Considerations in Choosing a Nursing Home
Sherry Byrd, RN
KALFUS & NACHMAN, P.C.
- Review past state surveys (inspections) on Nursing Home Compare website. Request to read the last survey.
- Visit the nursing home several times at different times of the day.
- Observe the following:
- Are odors prevalent?
- How many residents are out of bed/still in bed?
- Are residents well groomed: hair combed, teeth clean, appropriate clothing for age/weather, nails clean?
- Are restraints in use: bed rails, reclining chairs, trays placed on geri-chairs, etc.?
- Do residents appear happy, depressed, sad, intimidated by staff?
- How does the staff interact with residents? Does the staff speak to residents respectfully?
- Are activities that are age/interest appropriate in progress?
- Do the meals appear adequate in proportions and appetizing?
- What is the demeanor of the staff? Do they appear pleasant, tired, etc.?
- Are there obvious dangers present, e.g., medicine carts unattended, mop buckets in the hallways, spills on the floor, etc.?
- Are the Administrator and Director of Nursing Services willing to meet with you?
- Inquire if the facility uses agency staffing. If so, are they contracted individually for long periods of time or does the agency provide staffing when needed?
- Inquire how you will be made aware of changes in condition.
- Inquire as to staff/resident ratio for each shift.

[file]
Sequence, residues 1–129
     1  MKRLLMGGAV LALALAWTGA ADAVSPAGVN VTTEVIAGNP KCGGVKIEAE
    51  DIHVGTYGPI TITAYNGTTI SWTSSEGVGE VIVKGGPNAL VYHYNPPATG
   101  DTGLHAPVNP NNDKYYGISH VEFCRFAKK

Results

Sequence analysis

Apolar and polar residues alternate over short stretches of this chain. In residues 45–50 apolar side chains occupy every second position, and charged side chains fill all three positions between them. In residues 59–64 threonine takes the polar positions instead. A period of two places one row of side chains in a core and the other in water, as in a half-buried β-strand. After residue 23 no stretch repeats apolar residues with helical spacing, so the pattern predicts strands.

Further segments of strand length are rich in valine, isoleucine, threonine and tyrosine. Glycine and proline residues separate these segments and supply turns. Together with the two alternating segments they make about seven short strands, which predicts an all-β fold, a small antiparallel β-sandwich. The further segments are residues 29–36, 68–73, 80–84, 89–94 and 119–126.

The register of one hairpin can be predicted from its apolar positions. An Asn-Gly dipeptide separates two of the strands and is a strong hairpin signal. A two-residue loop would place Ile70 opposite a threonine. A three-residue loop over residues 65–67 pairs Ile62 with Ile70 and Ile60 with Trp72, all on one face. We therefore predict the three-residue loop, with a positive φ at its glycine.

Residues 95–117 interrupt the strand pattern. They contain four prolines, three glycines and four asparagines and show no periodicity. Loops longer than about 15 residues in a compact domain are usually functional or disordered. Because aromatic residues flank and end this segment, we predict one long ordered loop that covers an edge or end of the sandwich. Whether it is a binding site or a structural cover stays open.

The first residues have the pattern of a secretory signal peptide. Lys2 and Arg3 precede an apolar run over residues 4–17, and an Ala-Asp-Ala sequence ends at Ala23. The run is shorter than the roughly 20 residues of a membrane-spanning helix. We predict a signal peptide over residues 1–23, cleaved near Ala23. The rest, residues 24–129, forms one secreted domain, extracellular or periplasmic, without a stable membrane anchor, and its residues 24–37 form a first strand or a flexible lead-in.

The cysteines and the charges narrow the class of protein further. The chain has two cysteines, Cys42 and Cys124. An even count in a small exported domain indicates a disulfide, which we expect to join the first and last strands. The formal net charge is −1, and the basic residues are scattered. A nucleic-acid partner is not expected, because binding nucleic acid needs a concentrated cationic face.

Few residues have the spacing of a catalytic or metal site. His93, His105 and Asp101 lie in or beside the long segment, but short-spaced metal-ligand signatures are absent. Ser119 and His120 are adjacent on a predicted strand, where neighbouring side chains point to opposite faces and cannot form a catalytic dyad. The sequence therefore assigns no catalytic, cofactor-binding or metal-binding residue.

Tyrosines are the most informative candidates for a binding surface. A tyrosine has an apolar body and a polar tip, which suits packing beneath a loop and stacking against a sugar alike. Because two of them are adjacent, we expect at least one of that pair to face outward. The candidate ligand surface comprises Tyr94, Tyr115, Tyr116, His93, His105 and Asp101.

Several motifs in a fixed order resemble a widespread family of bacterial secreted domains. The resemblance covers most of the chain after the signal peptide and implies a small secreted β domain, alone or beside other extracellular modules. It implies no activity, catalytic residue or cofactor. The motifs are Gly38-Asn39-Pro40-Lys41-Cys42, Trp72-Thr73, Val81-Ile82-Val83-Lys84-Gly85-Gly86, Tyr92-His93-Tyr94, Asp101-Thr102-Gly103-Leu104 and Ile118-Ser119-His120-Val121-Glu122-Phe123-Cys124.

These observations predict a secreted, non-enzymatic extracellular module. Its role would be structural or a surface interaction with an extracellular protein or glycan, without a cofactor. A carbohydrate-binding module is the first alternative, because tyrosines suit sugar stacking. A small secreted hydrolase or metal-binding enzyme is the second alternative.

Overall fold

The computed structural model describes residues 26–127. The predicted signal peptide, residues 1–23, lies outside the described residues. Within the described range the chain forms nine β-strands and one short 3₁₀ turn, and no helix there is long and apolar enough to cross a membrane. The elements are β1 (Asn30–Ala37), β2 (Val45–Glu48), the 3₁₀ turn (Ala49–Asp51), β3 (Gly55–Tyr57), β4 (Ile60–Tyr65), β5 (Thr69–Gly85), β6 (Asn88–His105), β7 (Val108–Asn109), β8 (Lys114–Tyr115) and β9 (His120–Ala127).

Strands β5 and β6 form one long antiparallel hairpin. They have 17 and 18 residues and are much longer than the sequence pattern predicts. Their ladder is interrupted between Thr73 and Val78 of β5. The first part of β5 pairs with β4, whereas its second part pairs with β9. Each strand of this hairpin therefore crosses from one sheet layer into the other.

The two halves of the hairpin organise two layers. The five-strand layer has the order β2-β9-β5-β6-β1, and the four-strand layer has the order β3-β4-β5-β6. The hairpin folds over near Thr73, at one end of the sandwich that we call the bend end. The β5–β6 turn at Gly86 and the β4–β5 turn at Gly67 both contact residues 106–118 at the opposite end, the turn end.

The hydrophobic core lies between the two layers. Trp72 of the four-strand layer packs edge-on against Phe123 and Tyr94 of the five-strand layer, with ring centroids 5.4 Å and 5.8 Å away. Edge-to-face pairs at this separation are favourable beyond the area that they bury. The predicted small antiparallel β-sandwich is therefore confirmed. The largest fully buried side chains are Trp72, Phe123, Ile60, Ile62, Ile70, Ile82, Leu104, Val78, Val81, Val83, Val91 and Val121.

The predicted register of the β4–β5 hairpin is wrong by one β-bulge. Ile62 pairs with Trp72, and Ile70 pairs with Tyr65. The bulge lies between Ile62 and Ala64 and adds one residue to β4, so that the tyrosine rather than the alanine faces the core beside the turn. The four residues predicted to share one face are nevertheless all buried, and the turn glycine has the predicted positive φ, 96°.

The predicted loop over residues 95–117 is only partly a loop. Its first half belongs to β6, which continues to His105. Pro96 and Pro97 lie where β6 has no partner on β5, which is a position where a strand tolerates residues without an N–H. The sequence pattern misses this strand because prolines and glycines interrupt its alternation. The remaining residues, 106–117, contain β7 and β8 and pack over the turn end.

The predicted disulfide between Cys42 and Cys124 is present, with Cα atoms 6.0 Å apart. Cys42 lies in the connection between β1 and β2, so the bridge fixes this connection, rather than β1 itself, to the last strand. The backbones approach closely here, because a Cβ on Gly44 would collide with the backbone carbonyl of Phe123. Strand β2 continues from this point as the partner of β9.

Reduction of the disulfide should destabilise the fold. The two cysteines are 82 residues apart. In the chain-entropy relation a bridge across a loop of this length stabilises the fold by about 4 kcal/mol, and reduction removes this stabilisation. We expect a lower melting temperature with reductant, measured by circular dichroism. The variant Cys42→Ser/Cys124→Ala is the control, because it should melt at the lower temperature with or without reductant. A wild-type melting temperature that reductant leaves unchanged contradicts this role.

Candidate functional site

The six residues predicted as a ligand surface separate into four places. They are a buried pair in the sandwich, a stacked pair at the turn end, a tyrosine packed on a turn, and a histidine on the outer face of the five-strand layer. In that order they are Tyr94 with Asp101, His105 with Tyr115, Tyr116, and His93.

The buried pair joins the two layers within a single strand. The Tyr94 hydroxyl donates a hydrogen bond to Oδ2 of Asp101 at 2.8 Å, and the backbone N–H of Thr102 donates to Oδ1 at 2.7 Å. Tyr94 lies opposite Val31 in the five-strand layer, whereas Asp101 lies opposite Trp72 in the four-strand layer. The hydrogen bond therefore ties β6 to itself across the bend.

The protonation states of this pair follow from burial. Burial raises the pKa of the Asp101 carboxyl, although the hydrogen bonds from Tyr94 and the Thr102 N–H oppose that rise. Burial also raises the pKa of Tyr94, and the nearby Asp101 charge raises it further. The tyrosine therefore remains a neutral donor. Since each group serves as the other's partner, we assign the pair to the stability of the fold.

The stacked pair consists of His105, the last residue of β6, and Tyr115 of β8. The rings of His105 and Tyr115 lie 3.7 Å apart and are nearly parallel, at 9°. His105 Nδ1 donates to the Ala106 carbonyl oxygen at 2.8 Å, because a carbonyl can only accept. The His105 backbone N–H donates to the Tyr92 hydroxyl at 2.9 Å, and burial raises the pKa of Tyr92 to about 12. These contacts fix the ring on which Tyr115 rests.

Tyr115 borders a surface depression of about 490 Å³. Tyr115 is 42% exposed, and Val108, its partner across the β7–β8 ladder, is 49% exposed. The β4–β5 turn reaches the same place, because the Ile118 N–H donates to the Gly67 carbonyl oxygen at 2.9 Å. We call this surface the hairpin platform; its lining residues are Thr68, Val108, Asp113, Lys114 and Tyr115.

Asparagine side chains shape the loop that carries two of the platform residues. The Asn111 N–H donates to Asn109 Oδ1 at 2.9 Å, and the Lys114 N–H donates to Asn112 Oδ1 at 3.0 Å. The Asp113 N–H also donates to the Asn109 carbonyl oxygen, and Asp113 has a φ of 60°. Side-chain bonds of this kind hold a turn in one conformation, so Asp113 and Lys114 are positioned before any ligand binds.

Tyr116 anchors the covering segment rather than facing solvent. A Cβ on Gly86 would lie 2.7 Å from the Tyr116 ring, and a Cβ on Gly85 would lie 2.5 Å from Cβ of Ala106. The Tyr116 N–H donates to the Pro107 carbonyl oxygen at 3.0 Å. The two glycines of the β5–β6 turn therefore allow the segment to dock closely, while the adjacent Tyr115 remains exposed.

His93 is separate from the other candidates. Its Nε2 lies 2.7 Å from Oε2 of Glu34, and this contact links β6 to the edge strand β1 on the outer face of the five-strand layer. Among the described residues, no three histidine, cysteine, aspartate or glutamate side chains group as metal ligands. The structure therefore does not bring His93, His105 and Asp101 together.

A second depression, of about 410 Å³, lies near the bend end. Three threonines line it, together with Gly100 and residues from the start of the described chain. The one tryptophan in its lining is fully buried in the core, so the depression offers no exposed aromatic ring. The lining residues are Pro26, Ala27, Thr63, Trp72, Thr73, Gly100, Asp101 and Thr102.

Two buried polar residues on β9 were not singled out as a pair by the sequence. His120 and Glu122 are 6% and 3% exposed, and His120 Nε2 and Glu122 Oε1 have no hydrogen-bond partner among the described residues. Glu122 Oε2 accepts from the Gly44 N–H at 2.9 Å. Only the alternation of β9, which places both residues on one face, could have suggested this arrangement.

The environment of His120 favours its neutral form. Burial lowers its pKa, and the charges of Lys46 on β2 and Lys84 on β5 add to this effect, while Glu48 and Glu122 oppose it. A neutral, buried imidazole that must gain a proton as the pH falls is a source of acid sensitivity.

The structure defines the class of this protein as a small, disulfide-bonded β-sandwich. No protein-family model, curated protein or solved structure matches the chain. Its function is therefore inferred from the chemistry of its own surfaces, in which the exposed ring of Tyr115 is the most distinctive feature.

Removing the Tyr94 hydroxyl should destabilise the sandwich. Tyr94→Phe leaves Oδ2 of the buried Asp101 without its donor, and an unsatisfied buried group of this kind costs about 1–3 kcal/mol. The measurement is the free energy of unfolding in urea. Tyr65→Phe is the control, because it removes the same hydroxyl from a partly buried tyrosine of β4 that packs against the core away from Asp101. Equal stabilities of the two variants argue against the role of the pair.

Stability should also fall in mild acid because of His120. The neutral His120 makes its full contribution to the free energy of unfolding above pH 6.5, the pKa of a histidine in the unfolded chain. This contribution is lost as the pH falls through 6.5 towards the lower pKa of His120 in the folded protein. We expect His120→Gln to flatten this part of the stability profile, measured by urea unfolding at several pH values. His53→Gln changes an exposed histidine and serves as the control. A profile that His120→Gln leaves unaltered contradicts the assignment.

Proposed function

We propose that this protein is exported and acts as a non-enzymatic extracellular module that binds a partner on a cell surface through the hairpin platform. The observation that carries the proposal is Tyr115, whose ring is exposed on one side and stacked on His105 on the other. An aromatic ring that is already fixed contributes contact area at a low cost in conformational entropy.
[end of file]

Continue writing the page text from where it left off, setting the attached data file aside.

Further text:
- Inquire as to what systems are in place to prevent wandering, falls, pressure ulcers (bedsores), weight loss, and decline in activities of daily living.
- Is the name/phone number of the Corporate Regional Manager and Corporate office available to you?
- Is the facility well lit? Are there danger/obstacles in the resident bathrooms?
- Is privacy being provided during personal care of residents?
- Do you hear residents screaming, moaning, or crying?
- How accessible are phones to the residents?
- What are the restrictions on visiting? May you visit at anytime?
These newsletters/articles are offered only for general informational and educational purposes. They are not offered as and do not constitute legal advice or legal opinions. Although we intend to keep this information current, we do not promise or guarantee that the information is correct, complete or up-to-date. You should not act or rely upon the information in these newsletters/articles without seeking the advise of an nursing home neglect lawyer.